Wall climbing

New gym in town: “Willy Wonka meets rock climbing” | Health


Yolanda Chen stays in shape by climbing vertical surfaces – or “solving problems.” It’s what avid climbers call the process of determining a series of moves they can make to complete a route.

“Everything else I do (exercise-wise) is for climbing,” said Chen, a pediatrician in Washington, Mo.

She was huffing, puffing and sweating on a recent afternoon after scaling the boulder wall at Climb So iLL, a new indoor climbing gym inside the historic City Hospital Power Station building near Lafayette Square in St. Louis. Chen had a baby two months ago and has recently returned to sports.

Climb So iLL opened in time to provide him with a set of new problems for his return to climbing.

The new facility offers over 10,000 square feet of vertical climbing walls ranging in height from 25 to 55 feet.

According to Dave Chancellor, who co-owns the gym with his brother and a friend, it also offers a range of challenges for people of all abilities.

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“Some people think they can’t climb. If you can climb a ladder, you can climb here,” he said, standing by the wall of elephants, which is shaped like a 22-foot pachyderm. feet tall. It is equipped with pulley systems called auto-belays that gently lower climbers to the ground when they fall off the wall or are ready to descend. He also has fancifully shaped climbing holds, including a telephone receiver, a light bulb, overgrown teeth and a thumbs-up hand, which were made by So iLL Holds, another company owned by the Chancellor and his brother, Dan.

Rather than replicate the feel of nature with rock-textured walls like most indoor climbing gyms, Climb So iLL’s towering walls are splashed with color. Looks like an art installation exploded on them.

In addition to the wall of boulders and elephants, there is an eyeball wall, a 55-foot elite wall, and a tulip-shaped wall, in a cubist style.

“We’re all a bit whimsical…we’re sort of Willy Wonka meets rock climbing,” Chancellor said.

The gymnasium is part of an $8 million renovation of the former power plant, which will also include two rooftop restaurants with glass walls that overlook the gymnasium. The Chancellors and their friend Ian Anderson helped fund the project with a $30,000 prize for second place in the 2011 St. Louis County Economic Council business plan competition.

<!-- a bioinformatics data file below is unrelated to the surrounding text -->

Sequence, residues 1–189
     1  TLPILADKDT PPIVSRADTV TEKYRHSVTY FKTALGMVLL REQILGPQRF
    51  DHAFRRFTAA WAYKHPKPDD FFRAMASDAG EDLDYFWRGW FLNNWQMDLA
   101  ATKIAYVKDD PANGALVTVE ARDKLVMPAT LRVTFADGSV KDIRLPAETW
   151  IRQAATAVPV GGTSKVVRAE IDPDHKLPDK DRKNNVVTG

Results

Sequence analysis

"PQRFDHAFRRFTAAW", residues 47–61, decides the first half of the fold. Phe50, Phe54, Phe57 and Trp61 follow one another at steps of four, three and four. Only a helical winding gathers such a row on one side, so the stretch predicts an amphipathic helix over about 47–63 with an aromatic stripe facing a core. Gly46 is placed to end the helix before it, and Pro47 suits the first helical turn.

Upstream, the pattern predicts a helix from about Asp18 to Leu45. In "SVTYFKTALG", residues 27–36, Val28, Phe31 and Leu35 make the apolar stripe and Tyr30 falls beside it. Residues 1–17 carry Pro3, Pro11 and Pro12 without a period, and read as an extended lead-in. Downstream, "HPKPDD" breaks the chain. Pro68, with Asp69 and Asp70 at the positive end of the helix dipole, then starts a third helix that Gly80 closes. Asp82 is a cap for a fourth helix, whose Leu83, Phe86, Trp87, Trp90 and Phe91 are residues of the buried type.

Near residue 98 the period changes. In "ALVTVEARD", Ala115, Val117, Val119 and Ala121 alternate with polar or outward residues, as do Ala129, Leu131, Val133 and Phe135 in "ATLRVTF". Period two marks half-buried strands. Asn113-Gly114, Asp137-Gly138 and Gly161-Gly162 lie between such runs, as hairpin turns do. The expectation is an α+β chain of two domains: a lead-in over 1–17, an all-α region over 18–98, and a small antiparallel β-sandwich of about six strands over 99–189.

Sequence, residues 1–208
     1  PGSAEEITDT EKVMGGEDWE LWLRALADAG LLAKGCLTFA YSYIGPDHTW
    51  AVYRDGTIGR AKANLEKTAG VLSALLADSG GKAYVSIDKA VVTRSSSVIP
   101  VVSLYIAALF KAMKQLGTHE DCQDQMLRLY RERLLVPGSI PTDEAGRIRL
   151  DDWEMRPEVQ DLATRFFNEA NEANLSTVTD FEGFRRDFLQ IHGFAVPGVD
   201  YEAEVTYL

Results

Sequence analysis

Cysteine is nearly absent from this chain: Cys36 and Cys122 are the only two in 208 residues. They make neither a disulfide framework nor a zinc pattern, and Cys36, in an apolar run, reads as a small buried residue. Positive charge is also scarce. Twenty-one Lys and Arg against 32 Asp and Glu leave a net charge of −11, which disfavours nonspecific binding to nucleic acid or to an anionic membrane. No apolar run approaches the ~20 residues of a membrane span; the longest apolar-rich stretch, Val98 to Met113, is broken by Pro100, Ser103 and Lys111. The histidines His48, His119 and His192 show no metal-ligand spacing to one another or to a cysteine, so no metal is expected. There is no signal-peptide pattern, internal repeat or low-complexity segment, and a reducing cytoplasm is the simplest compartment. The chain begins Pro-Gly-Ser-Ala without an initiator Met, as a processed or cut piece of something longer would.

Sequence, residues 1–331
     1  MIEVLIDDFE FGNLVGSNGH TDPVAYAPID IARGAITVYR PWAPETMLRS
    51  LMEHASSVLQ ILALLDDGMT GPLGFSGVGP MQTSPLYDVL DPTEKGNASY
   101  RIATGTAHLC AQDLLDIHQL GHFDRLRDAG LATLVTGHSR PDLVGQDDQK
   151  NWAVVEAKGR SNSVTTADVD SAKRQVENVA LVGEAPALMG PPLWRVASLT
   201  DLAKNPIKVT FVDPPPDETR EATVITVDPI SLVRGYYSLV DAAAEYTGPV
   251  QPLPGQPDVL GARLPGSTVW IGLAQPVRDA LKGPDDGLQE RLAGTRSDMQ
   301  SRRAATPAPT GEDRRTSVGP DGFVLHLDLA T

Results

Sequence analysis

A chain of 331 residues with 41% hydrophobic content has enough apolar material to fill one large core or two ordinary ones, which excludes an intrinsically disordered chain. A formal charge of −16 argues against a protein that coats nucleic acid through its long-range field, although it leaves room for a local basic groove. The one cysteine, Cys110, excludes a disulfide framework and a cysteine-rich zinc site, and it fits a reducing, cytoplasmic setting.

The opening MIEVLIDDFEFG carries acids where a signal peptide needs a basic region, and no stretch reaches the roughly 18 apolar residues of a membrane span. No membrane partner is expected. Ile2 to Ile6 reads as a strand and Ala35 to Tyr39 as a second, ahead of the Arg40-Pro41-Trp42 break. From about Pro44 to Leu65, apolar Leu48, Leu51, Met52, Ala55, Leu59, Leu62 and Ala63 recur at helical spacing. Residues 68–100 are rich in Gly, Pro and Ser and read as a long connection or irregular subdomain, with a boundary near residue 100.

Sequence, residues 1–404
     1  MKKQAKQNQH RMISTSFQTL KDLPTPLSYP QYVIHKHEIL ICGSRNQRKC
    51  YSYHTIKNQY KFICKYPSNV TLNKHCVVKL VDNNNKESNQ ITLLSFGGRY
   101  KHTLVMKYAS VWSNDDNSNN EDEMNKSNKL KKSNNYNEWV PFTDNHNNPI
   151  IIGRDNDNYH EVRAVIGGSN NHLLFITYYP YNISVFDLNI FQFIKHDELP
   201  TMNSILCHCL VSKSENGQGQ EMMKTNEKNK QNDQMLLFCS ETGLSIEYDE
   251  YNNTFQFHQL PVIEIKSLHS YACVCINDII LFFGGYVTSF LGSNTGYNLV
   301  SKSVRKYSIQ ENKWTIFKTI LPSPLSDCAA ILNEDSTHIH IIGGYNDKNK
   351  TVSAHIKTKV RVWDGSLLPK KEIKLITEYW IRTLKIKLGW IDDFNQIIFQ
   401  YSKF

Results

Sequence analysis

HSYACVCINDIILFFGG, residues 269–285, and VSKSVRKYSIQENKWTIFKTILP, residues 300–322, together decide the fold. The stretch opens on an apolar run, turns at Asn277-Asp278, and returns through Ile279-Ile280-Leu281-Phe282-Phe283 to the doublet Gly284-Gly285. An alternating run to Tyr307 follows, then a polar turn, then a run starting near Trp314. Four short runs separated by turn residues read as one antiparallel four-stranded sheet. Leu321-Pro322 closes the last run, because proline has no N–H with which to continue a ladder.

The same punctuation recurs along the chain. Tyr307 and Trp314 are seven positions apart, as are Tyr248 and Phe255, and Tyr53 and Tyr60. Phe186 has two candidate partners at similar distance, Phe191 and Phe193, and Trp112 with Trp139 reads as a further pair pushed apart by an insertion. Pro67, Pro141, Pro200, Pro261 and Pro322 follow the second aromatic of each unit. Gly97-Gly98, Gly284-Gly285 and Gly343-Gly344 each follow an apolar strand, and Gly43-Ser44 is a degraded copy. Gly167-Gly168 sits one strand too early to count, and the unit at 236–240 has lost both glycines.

Chancellor believes it will become the indoor climbing mecca of the Midwest.

Whether that’s true remains to be seen, but some climbers think it’s possible that St. Louis could become a magnet for climbers.

Upper Limits has two indoor climbing facilities, downtown and in western St. Louis County, dedicated to rock climbing. Each has as much or more square feet of climbing surface than Climb So iLL. And all three facilities have fitness rooms, spectator areas and lounges. There are at least six other rock climbing walls at St. Louis-area fitness centers.

Chris Schmick, who co-owns Upper Limits with his wife, Pam, worries that all climbing options will cannibalize each other.

“It’s definitely a limited market, so we’ll see how it all pans out,” he said. “But there’s definitely a problem. Ten years ago we had people driving from Springfield, Missouri to our downtown venue. They were coming because there was no other place, but now Springfield has its own Gym.”

The Chancellors’ uncle took them rock climbing when they were teenagers, and they were instantly hooked.

They built a climbing wall in their parents’ basement near Eureka and started charging neighborhood kids to use it. In 2002, when Dave graduated from high school, they started making wedges in that same basement and marketing them at trade shows.

A year later, when Dan graduated from high school, the brothers moved to Carbondale, Illinois, so they could have space to open a manufacturing facility, and Dan could enroll at Southern Illinois University Carbondale to study business. The factory has since moved near Boulder, Colorado.

Today, So iLL Holds has over 3,500 trading accounts in 15 countries. Dave Chancellor believes their products are found in almost every climbing gym in the world.

When they started talking about creating Climb So iLL, they brought their childhood friend, Ian Anderson, into the conversation. They credit his experience in construction, architecture and finance for making Climb So iLL possible.

Dave Chancellor thinks their new gym in St. Louis won’t be the last. They’re toying with the idea of ​​putting franchises in other cities

Nerinx Hall biology teacher Steve Kuensting took his daughter, Barbara, 12, and her friend Emily Bayer to climb on a recent afternoon.

He had been to the gym several times and purchased harnesses and belay equipment for himself and Barbara.

“I told her I was going to take some of these handles and anchor them to the wall at home so she could get used to them,” Kuensting said, as Barbara tried to “solve a problem” on the wall elite.

Typically, climbers choose a color-coded route on the wall, which is labeled with its level of difficulty.

Chen called Climb So iLL’s problem design innovative.

“Plus, they’re constantly solving problems,” she said. “It’s great because you don’t have to climb the same route over and over again.”

Climbing engages the entire body, from grip strength to biceps to core. And what some climbers might lack in strength, they can make up for with technique, Chancellor said.

“The progression (of ability) is out of this world. People can’t believe how much they improve in 30 days,” he said. “To me, it comes down to commitment. Some of the best in the world are long, lanky and skinny. But you can climb and enjoy the sport without having to be a star athlete who can do 25 pull-ups.”

Chen might disagree.

“It’s not a forgiving sport,” she said. “You lose a lot of power, strength and stamina when you’re away.”